Jubilee Stewards And Twitter

I have previously blogged concerning the appalling treatment of unpaid stewards during the British Queen’s Jubilee celebrations, but other blogs and media have covered it with greater finesse. I might have missed some worthy contributions, please let me know in the comments box.

This debacle even has its own twitter tag, #jubileestewards.

Belfast Telegraph, Firm in row over unpaid Jubilee stewards to have Olympic fire safety role.

The Edinburgh Eye’s Workfare and the Big Society is very good.

Firm who forced Jubilee stewards to sleep under London Bridge apologises for getting caught.

At the Indy, Jubilee workfare: A Dickensian tale brought to life.

At Channel 4, Concerns over cheap Olympics labour.

The Guardian, Unpaid jubilee jobseekers: Downing Street dismisses criticisms.

The jubilee jobseekers show modern Britain at its worst.

Continue reading

Jobseekers And The Diamond Jubilee Celebrations

The underbelly of the Queen’s Diamond Jubilee celebrations has been revealed by the Guardian:

“A group of long-term unemployed jobseekers were bussed into London to work as unpaid stewards during the diamond jubilee celebrations and told to sleep under London Bridge before working on the river pageant.

Up to 30 jobseekers and another 50 people on apprentice wages were taken to London by coach from Bristol, Bath and Plymouth as part of the government’s Work Programme.

Two jobseekers, who did not want to be identified in case they lost their benefits, said they had to camp under London Bridge the night before the pageant. They told the Guardian they had to change into security gear in public, had no access to toilets for 24 hours, and were taken to a swampy campsite outside London after working a 14-hour shift in the pouring rain on the banks of the Thames on Sunday.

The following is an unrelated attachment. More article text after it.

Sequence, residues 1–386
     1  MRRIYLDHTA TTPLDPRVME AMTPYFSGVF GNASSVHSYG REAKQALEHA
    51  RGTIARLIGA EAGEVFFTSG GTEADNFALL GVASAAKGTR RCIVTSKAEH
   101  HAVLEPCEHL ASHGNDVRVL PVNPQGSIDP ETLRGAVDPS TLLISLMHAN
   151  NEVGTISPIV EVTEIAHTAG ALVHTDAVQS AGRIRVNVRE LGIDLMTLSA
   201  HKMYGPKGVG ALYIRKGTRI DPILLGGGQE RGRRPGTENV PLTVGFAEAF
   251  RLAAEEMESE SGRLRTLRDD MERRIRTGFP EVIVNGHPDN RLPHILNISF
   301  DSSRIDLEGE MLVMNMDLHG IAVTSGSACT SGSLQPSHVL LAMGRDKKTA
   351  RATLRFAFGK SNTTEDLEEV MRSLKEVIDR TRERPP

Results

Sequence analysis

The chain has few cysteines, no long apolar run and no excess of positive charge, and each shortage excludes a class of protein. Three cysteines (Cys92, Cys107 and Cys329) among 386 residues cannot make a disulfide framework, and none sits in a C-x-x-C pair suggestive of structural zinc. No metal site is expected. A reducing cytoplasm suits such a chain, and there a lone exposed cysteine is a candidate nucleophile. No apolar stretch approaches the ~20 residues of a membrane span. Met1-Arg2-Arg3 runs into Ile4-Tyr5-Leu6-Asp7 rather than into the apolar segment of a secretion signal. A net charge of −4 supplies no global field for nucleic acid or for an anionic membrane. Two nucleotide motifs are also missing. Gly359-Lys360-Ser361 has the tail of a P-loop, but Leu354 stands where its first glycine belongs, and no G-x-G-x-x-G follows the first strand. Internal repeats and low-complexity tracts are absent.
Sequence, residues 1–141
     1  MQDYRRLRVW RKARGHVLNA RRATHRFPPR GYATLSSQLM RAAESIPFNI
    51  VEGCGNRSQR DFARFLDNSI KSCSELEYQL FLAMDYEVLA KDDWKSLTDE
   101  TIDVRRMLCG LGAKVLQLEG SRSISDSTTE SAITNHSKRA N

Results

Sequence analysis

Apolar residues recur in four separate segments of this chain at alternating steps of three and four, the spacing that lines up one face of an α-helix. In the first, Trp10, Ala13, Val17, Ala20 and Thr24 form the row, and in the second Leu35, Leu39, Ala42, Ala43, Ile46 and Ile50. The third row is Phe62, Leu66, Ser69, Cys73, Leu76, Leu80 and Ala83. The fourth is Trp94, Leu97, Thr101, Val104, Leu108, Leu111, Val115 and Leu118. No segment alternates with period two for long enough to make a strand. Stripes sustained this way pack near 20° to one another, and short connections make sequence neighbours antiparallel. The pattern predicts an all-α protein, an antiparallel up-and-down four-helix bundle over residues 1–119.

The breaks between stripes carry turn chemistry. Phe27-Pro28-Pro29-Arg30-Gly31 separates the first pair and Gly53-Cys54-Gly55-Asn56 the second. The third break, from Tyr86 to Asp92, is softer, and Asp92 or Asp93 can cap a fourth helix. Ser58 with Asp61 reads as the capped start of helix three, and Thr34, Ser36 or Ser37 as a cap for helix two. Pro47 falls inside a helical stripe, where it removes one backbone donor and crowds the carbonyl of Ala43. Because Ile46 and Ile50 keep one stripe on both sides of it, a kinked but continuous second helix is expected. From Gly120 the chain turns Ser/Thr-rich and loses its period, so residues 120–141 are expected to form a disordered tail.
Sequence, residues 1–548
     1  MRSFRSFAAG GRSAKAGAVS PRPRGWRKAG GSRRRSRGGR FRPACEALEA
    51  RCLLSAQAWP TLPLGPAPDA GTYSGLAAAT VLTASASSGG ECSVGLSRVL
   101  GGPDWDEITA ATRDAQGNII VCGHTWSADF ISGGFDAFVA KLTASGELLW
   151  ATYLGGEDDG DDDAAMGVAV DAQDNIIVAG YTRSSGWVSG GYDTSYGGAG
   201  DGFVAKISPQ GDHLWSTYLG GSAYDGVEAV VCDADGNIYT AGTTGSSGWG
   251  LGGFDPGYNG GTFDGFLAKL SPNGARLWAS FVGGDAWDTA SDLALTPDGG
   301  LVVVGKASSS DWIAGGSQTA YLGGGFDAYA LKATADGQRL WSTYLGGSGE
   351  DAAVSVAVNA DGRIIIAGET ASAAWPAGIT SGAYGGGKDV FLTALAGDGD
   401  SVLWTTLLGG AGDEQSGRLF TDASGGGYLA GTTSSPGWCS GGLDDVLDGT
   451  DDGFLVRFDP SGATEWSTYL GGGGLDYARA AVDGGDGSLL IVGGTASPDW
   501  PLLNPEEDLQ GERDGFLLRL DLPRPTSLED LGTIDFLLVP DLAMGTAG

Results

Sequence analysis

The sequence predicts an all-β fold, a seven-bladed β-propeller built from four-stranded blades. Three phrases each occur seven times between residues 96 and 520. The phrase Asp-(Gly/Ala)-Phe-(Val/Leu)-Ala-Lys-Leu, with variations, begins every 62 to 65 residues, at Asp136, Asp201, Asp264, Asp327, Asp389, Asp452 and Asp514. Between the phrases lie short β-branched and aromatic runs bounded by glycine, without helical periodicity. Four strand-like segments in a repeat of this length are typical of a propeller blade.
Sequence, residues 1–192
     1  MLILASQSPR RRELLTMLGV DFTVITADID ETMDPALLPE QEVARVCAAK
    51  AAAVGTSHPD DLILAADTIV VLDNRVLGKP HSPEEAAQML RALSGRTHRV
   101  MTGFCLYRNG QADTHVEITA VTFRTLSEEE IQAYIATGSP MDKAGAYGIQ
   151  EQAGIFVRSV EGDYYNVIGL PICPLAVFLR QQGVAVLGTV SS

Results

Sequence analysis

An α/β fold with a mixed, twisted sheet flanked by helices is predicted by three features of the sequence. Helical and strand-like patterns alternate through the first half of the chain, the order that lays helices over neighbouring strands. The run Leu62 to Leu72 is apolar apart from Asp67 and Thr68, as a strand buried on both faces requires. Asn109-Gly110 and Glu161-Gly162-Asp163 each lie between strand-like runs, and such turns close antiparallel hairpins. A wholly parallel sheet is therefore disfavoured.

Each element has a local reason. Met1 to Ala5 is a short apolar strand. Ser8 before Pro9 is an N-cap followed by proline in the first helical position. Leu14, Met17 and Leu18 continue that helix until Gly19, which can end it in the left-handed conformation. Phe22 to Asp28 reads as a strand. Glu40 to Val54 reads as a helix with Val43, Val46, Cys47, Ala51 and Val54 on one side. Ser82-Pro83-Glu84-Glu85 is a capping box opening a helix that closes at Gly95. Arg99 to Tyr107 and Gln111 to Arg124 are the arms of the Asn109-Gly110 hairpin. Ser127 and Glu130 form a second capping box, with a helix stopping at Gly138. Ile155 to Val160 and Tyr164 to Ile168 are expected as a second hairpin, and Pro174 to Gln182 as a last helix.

One young worker said she was on duty between London Bridge and Tower Bridge during the £12m river spectacle of a 1,000-boat flotilla and members of the Royal family sail by . She said that the security firm Close Protection UK, which won a stewarding contract for the jubilee events, gave her a plastic see-through poncho and a high-visibility jacket for protection against the rain.

Close Protection UK confirmed that it was using up to 30 unpaid staff and 50 apprentices, who were paid £2.80 an hour, for the three-day event in London. A spokesman said the unpaid work was a trial for paid roles at the Olympics, which it had also won a contract to staff. Unpaid staff were expected to work two days out of the three-day holiday.

The firm said it had spent considerable resources on training and equipment that stewards could keep and that the experience was voluntary and did not affect jobseekers keeping their benefits.

The woman said that people were picked up at Bristol at 11pm on Saturday and arrived in London at 3am on Sunday. “We all got off the coach and we were stranded on the side of the road for 20 minutes until they came back and told us all to follow them,” she said. “We followed them under London Bridge and that’s where they told us to camp out for the night … It was raining and freezing.” “

Update 1: Queen Put at Risk by Workfare Provider, expands on events.
Continue reading